I dream of returning to Catalonia.
The last time I was there, in 2010, I crossed the border between France and Spain, and ended up about 30 miles northwest of Barcelona. I stopped for lunch at a small family-run place in a town whose name I can’t remember. The waitress wouldn’t speak Spanish, and all the “Xs” on the Catalan-only menu intimidated me. When I read “Canelones“, I ordered that, hoping I might end up eating something familiar.
And I did.
Canelones turned out to be air-light pasta wrapped around a ground meat filling, smothered in a béchamel sauce, a testament to the mixing of Italian and French foodways in northeast Spain.
Then it was back on the road gain, back to Foix and the ancient caverns of Gargas, where deformed red hand prints coat the damp walls of a seemingly endless cave. No one knows why the prints are there, or why fingers are missing, on every single print, all different.
Thanks to a previous, more extended journey of mine to Spain’s dry and foreboding Extremadura, I had crossed Spain off my bucket list for good. Or so I thought. My feelings about Extremadura echoed those of many Spaniards who signed on for voyages to the New World in the late 15th and early 16th centuries. There was nothing there for them in that place. So they left. Most never returned.
My short foray into Catalonia opened my eyes to a vastly different face of Spain. With the forested mountains of the Pyrenees and its close proximity to the sea, Catalonia calls to something in me that is missing. I am not sure just what that elusive something is.
Maybe I am spinning visions of castles in the air?
There’s another reason why Catalonia calls to me on so many levels: it is one of the most interesting culinary regions of Spain. Indeed, the world. For several years, Catalan chefs have taken top honors, the most famous of them being Ferran Adrià of elBulli.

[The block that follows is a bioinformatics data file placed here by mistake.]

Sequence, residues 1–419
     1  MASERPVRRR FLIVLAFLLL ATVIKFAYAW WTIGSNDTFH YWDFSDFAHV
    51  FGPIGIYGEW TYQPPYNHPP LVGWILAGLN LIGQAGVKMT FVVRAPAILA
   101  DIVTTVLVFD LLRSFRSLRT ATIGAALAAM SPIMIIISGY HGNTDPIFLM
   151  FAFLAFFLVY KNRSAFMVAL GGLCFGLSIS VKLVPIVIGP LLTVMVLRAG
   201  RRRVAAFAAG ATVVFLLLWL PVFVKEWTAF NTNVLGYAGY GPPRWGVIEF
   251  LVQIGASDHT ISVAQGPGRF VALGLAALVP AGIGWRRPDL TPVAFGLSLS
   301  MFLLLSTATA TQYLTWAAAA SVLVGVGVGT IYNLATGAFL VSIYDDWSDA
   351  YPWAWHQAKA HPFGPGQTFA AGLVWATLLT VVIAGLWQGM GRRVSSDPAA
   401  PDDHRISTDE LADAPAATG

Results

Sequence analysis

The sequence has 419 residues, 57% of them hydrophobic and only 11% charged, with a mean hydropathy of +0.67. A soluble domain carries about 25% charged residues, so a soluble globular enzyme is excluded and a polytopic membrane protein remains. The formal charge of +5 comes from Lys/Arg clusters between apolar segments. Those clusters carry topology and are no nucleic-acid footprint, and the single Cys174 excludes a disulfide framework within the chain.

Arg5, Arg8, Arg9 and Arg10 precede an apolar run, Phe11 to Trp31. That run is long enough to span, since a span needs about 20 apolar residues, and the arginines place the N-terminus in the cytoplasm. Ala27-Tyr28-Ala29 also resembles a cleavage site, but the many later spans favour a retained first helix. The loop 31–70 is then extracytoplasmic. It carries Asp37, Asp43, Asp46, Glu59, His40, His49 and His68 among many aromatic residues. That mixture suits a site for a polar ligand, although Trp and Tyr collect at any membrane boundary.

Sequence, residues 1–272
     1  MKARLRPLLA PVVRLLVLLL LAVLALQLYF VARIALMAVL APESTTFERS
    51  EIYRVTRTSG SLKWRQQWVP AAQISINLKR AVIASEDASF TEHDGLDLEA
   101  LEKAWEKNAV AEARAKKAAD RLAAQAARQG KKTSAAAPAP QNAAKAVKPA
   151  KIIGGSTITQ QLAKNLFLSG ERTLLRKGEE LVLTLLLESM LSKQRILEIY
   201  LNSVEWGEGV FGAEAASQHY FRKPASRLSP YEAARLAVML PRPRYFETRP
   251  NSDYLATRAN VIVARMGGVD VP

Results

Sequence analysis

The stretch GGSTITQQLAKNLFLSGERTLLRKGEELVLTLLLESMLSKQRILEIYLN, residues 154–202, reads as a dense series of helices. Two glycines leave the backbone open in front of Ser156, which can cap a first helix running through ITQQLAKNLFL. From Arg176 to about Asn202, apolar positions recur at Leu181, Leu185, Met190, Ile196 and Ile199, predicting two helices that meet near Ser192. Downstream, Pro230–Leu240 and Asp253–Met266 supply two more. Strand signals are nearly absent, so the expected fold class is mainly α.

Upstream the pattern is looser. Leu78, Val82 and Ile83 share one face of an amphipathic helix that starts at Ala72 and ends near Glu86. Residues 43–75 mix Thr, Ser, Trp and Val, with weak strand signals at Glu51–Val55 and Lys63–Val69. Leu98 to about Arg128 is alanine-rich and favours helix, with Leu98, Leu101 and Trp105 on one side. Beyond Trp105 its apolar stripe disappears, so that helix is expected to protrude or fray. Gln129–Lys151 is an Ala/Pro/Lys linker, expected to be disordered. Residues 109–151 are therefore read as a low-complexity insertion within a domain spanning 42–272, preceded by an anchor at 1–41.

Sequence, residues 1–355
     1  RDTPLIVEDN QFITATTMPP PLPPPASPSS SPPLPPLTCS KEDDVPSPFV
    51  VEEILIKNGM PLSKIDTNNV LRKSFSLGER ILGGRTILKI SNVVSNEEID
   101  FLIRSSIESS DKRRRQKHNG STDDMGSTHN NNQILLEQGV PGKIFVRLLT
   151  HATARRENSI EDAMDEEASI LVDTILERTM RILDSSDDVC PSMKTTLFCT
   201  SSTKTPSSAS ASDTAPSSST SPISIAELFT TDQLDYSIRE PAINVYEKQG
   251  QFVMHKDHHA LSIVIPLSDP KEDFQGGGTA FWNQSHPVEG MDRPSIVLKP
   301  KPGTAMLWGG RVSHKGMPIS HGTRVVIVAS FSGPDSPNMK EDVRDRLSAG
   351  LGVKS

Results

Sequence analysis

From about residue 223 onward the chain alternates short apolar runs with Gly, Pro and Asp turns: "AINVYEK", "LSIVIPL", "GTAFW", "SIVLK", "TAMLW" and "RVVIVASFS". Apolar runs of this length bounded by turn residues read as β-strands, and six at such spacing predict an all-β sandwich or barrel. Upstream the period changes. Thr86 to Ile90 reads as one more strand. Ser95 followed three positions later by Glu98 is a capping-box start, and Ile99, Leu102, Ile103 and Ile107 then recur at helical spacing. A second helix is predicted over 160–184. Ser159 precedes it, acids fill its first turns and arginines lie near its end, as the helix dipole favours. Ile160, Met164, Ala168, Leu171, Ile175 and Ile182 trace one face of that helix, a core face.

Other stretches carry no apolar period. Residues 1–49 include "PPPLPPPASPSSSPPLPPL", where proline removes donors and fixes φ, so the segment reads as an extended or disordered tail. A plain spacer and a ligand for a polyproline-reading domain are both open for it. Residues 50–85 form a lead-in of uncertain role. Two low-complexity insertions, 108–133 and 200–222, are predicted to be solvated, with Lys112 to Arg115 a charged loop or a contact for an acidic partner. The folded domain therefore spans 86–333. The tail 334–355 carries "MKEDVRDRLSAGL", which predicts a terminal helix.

But the preeminence of Catalan cuisine is nothing new.
Take the history of cookbooks.
Writing about Catalan cooking has a long and noble heritage. There’s Ruperto de Nola’s 15th-century Llibre del Coch – the first printed Catalan cookbook. And the even older The Book of Sent Soví, from the 14th century. Both feature Catalan cooking, which to this day manifests the influences of the French, the Italians, the New World, the Arabs, and the medieval courts of Catalonia.
A veritable feast awaits anyone who visits Catalonia and loves mixing history and cooking. Or simply eating!
Until the day I stand in La Boquería in Barcelona, market basket slung over my arm, or in a bar tipping a porrón of wine over my mouth, I’m going to be a dreamer, nothing more than an armchair traveler/cook.
The following list of references/odds and ends represents some of the material I’ve been dreaming over in preparation for that extended return to Catalonia:
Books on Catalonian Food and Culture:
Colman Andrews, Catalan Cuisine: Vivid Flavors from Spain’s Mediterranean Coast (1988)
Irving Davis, A Catalan Cookery Book / A Collection of Impossible Recipes (1969)
Rudolph Grewe, “Catalan Cuisine, in an Historical Perspective.” In Alan Davidson, ed., National and Regional Styles of Cookery (1981)
Nick Loyd, Forgotten Places: Barcelona and the Spanish Civil War (2015)
Nèstor and Tin Luján, La cocina moderna en Cataluña (1985)
Montserrat Miller, Feeding Barcelona, 1714-1975: Public Market Halls, Social Networks, and Consumer Culture (2015)
Daniel Olivella, Catalan Food: Culture & Flavors from the Mediterranean (2018)
George Orwell, Homage to Catalonia (1938)
Jan Read, The Catalans (1978)
Rosi Song and Anna Riera, A Taste of Barcelona: The History of Catalan Cooking and Eating (2019)
Colm Tóibín, Homage to Barcelona (1990, 2002)
Josep Trueta, The Spirit of Catalonia (1946)